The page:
Ethiopian authorities said they have arrested two suspects over the killing of a popular political singer, whose death last week sparked protests in which hundreds of people were killed.
The shooting of Haacaaluu Hundeessaa, a musician widely revered among his Oromo ethnic group, ignited protests in Addis Ababa and the surrounding Oromiya region. Prime Minister Abiy Ahmed described his killing as “an evil act”.
In a televised statement aired on Friday, Attorney General Adanech Abebe said the attacker was acting on the orders of an anti-government group, the Oromo Liberation Front (OLF-Shene).
The two men who were arrested included the suspected attacker and an accomplice. A third suspect was still at large, Adenech said.
“We have arrested those who killed him, and those who collaborated in the killing,” Adanech said in the statement. “We will continue to ensure the rule of law.”
“The assassination was intended to be a cover to take power from the incumbent by force,” Adanech said, without providing details.
The suspects have not yet been charged.
‘Disobey this rebellion call’
Haacaaluu sang in Oromo, the language of Ethiopia’s biggest ethnic group. His killing tapped into grievances heightened by decades of government repression and what the Oromo describe as their long exclusion from political power.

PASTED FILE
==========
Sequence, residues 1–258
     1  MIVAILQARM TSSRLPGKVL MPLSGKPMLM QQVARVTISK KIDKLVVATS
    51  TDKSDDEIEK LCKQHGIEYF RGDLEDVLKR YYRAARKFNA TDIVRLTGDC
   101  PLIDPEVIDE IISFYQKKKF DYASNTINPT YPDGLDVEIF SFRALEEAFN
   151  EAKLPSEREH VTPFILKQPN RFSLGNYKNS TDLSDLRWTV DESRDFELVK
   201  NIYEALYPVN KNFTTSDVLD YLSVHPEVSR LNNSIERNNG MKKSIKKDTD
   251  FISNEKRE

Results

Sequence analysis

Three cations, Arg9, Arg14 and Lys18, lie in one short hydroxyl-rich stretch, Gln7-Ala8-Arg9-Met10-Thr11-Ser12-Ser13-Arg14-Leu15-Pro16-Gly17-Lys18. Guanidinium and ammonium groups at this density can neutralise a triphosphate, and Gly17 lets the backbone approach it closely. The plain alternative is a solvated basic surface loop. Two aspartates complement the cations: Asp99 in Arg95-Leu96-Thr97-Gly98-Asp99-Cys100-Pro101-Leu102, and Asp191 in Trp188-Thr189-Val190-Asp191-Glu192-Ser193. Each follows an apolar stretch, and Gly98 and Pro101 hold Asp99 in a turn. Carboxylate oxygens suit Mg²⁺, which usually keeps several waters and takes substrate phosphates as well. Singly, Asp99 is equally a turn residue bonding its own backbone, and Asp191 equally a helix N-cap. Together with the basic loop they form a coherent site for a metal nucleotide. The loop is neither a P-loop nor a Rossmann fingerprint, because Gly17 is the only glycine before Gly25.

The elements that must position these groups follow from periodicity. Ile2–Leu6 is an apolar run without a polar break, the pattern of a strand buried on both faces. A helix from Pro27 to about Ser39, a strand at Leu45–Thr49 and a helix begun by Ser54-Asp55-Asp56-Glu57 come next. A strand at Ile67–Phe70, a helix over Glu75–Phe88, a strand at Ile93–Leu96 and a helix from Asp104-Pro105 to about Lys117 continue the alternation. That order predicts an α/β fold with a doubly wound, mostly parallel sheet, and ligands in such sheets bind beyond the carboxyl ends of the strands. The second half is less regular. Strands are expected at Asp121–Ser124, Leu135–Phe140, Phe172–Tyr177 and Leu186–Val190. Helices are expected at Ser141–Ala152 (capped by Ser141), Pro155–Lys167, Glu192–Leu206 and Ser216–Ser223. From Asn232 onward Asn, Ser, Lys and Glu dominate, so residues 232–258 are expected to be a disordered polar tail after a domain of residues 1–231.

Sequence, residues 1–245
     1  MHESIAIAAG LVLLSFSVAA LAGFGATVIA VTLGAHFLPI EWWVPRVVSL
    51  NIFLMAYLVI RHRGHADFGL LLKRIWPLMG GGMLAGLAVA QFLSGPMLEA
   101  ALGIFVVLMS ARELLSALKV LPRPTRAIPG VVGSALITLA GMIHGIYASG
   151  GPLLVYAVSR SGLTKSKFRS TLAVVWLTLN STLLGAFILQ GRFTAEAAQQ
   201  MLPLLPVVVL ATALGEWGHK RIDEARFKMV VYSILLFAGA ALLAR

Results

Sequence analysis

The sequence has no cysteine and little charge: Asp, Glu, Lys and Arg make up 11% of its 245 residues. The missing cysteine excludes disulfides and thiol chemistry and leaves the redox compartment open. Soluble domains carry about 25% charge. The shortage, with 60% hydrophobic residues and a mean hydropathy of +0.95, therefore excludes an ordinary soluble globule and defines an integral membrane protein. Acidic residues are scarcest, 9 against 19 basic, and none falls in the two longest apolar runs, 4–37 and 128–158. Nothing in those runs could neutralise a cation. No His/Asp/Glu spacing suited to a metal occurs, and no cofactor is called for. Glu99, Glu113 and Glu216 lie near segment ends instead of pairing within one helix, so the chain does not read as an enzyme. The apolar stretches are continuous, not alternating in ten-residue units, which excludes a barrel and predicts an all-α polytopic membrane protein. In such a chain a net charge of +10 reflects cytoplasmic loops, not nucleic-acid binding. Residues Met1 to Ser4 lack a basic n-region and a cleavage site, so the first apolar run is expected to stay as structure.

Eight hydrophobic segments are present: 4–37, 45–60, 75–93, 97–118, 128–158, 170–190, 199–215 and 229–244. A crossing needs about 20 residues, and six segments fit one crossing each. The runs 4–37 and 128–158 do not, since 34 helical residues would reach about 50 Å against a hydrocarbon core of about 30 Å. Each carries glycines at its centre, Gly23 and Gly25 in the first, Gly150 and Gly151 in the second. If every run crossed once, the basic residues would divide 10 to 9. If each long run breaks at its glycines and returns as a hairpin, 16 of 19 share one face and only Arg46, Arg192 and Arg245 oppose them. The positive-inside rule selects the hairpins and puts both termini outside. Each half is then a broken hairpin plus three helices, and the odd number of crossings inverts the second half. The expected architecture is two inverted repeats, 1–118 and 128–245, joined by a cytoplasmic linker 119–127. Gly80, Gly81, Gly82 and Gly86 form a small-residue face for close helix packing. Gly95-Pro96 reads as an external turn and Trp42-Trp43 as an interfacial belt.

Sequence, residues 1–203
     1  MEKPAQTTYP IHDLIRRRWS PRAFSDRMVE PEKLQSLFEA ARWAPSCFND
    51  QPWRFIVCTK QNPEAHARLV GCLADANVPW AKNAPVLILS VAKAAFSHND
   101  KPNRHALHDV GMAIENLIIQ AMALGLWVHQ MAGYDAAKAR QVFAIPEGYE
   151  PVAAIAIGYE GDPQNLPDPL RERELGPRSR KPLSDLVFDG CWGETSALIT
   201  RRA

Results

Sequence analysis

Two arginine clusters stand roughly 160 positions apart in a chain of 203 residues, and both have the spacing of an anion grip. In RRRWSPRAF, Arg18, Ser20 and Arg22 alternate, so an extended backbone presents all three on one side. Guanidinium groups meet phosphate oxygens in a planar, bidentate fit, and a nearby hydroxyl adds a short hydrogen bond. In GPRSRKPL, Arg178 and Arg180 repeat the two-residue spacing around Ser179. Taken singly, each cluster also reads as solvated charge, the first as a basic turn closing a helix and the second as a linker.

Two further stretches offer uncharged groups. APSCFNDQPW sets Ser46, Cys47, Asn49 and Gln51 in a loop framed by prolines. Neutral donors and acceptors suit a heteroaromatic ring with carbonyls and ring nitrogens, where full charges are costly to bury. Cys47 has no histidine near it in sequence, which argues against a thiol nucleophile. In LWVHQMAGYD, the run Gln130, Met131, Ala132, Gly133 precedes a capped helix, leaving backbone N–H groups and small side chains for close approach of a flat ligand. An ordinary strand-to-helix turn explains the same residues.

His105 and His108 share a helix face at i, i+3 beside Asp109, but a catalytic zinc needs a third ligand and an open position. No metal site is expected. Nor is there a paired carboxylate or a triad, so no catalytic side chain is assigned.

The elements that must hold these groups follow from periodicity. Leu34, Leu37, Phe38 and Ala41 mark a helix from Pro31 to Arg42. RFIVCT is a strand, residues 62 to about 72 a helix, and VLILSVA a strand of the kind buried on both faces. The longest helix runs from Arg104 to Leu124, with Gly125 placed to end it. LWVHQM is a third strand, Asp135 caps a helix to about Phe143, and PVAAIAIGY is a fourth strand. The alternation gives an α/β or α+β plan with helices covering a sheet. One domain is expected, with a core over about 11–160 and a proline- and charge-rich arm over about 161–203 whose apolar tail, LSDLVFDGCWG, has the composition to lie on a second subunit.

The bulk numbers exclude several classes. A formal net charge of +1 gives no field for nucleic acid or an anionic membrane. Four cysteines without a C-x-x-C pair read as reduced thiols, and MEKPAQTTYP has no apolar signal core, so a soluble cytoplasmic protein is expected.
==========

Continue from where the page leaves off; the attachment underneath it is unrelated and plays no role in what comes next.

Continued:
Abiy, himself an Oromo, came to power in 2018 as the first modern Ethiopian leader from that ethnic group, after months of violent demonstrations led to his predecessor’s resignation.
The unrest last week was the deadliest since Abiy took office. At least 239 people were killed, according to police figures. The prime minister has initiated a broad package of political and economic reforms in what has long been one of the most tightly controlled countries in Africa, and won last year’s Nobel Peace Prize for making peace with neighbouring Eritrea.
But the increased freedoms under his leadership have also been accompanied by a rise in ethnic violence, and some Oromo figures say he has not done enough to address their long-standing grievances.
Oromo nationalists accuse him of insufficiently championing their interests since taking office, a complaint echoed by many protesters last week.
The internet remained shut off Friday for an 11th consecutive day, though Addis Ababa remains calm and Abiy’s office issued a statement saying the surrounding Oromia region had “returned to calm and citizens have resumed normal activities”.
In her statement, however, Adanech said unnamed agitators were calling for additional protests and road blockages in the coming days.
“There are those that have hidden themselves in nice places but are calling on Ethiopian youth to fight each other, close roads and to cease working as part of a rebellion call,” the attorney general said.
“Above all we call on our people to disobey this rebellion call and to thwart it.”